Clinical practice guidelines from the American College of Obstetrics and Gynecology and the United States Preventive Services Task Force recommend against routine Pap smears and bimanual exams in adolescents. This recommendation includes those planning on starting oral contraceptives or with possible sexually transmitted diseases. A recent study found nearly half of all such exams in this age group lack indications. While the evidence indicates a new direction, clinicians have been slow to change their practice. Join us as we discuss the reasons for these guidelines and review appropriate indications for these exams.
Join us as we discuss a recent report in the British Medical Journal that reviewed data on the effectiveness of colorectal cancer screening programs and presented new guidelines which recommend a “shared decision-making model" and that individuals with an estimated 15-year colorectal cancer risk below 3% undergo no screening at all! This session will review the recently published guidelines to understand the data behind their recommendations and discuss how best to implement such an approach in your practice.
A recent RCT from Hong Kong found that a brief 1-minute standardized intervention (based on the AWARD Model and self-determination theory) was more effective than giving printed smoking cessation materials to semi-urgent and non-urgent emergency department patients at smoking abstinence at 12 months. Join us as we discuss the implications of this study on your practice and care of individuals who smoke.
Major agencies have made some significant changes to routine breast cancer screening over the past few years. As new evidence comes out – best practice changes to reflect these findings. Applying these changes to your practice can be challenging. Join Frank, Jill and Susan as they discuss, compare and contrast the most recent EBG from ACS, ACOG and USPSTF and offer some strategies on how to apply to your patients.
Frankly Speaking, Live! STIs in the US are a major public health risk with an estimated 20 million new cases per year, more than half occurring in 15-24-year-olds. The USPSTF found intensive counseling in young adults to reduce the likelihood of STIs. Join us as we discuss how to apply these recommendations to your practice.
Join us as we discuss HPV vaccination and the growing evidence of the benefits to those who receive the vaccine and the protection of those who are not vaccinated.
In this session, the faculty will summarize, and review screening recommendations issued by the USPSTF, prioritizing the most significant and controversial topics. Please note that any data, indications, and guidelines presented in this activity are current as of the recording/release on February 6, 2020, and they are subject to change as new information is published.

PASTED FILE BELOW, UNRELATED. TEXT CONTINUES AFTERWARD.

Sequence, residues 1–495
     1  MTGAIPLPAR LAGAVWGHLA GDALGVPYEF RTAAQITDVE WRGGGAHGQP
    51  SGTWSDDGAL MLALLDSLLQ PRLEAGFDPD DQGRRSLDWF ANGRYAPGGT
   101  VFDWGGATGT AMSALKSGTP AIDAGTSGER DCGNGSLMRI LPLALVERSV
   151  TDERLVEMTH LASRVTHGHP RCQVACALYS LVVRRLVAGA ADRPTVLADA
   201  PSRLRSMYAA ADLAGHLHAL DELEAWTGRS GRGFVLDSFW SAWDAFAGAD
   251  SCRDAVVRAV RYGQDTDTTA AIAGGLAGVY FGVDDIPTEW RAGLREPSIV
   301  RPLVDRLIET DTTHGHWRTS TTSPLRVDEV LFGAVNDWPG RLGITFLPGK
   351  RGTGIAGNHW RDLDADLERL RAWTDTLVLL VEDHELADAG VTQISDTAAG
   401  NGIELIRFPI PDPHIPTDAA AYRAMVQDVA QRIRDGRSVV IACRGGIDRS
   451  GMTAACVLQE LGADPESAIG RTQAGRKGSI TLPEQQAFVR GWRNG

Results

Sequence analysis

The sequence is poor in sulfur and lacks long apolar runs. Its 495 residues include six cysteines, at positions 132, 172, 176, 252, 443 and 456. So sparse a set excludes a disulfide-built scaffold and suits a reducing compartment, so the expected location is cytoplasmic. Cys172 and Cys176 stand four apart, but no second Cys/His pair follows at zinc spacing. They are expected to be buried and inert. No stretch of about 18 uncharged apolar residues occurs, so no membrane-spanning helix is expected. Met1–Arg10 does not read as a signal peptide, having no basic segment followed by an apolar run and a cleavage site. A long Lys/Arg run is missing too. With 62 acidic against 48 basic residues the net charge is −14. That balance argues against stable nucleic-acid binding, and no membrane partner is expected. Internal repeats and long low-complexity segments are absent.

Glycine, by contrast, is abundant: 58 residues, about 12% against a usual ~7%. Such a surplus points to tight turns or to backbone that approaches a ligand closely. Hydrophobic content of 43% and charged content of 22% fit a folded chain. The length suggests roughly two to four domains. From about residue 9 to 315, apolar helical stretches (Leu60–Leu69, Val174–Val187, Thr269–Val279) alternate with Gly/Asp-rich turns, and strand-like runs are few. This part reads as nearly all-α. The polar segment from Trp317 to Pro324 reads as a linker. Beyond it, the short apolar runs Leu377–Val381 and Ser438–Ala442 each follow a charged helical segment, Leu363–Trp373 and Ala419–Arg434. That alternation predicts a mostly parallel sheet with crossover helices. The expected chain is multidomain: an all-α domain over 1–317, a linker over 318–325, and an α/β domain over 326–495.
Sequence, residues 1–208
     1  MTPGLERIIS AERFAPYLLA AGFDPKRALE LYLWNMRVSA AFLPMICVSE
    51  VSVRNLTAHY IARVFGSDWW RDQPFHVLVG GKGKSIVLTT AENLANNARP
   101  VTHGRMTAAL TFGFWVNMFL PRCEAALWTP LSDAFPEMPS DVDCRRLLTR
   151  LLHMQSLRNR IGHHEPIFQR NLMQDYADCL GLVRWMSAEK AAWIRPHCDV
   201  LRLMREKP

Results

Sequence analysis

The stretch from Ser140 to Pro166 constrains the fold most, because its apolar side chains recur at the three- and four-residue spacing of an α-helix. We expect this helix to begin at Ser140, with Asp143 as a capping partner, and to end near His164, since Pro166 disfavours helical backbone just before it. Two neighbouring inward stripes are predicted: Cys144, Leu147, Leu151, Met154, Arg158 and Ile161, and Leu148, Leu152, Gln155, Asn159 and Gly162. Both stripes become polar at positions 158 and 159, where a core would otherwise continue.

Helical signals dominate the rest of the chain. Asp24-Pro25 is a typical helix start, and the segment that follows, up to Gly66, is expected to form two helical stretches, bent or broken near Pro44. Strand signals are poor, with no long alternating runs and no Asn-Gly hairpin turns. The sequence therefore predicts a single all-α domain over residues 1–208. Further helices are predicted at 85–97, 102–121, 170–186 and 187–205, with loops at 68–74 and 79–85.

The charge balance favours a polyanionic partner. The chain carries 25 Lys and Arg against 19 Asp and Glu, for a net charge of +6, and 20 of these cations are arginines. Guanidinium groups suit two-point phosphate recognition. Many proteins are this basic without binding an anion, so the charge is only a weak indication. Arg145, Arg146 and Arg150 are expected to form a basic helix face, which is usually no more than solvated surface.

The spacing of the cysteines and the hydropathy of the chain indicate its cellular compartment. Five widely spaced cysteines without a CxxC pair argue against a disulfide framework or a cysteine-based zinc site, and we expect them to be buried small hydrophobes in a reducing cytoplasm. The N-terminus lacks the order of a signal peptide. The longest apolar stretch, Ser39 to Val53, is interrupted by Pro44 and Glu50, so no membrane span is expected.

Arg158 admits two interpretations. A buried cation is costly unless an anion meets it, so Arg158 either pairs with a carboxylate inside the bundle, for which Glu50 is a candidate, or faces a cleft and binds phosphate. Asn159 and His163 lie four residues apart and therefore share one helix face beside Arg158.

Because cell-mediated immunity declines with age, individuals aged 50 years and older are at increased risk for the reactivation of the latent varicella zoster virus that causes shingles. Learn about vaccination recommendations to prevent shingles and complications of herpes zoster, especially postherpetic neuralgia. Answer questions about shingles prevention and win at Jeopardy!
This lecture will discuss the appropriate follow-up of patients treated for the most common cancers. This will include breast cancer, colorectal cancer, Hodgkin's and non-Hodgkin's lymphoma, prostate cancer, and lung cancer. An in-depth discussion of the physical challenges and psychological impacts of a cancer diagnosis and its treatment will prepare you to help your patients with what lies ahead.
This session will discuss the latest guidelines and best practices in caring for the LGBTQ community. You will walk away with resources to improve your practice and provide to your patients.
This talk will review recent screening recommendations from the United States Preventive Services Task Force (USPSTF). As well as presenting evidence behind new screening modalities, the faculty will review considerations for deciding whether or not to screen. Additionally, you will walk away from this practical session with strategies to communicate screening results sensitively. Please note that any data, indications, and guidelines presented in this activity are current as of the recording/release on February 8, 2020, and they are subject to change as new information is published.
Screening recommendations issued by the USPSTF in the past year will be summarized and reviewed. The most significant and controversial topics will be prioritized. Within the past year, the USPSTF has issued screening recommendation statements on the following topics: cervical, prostate, and ovarian cancer; osteoporosis; CVD; atrial fibrillation; syphilis among pregnant women; adolescent idiopathic scoliosis; and vision problems among young children.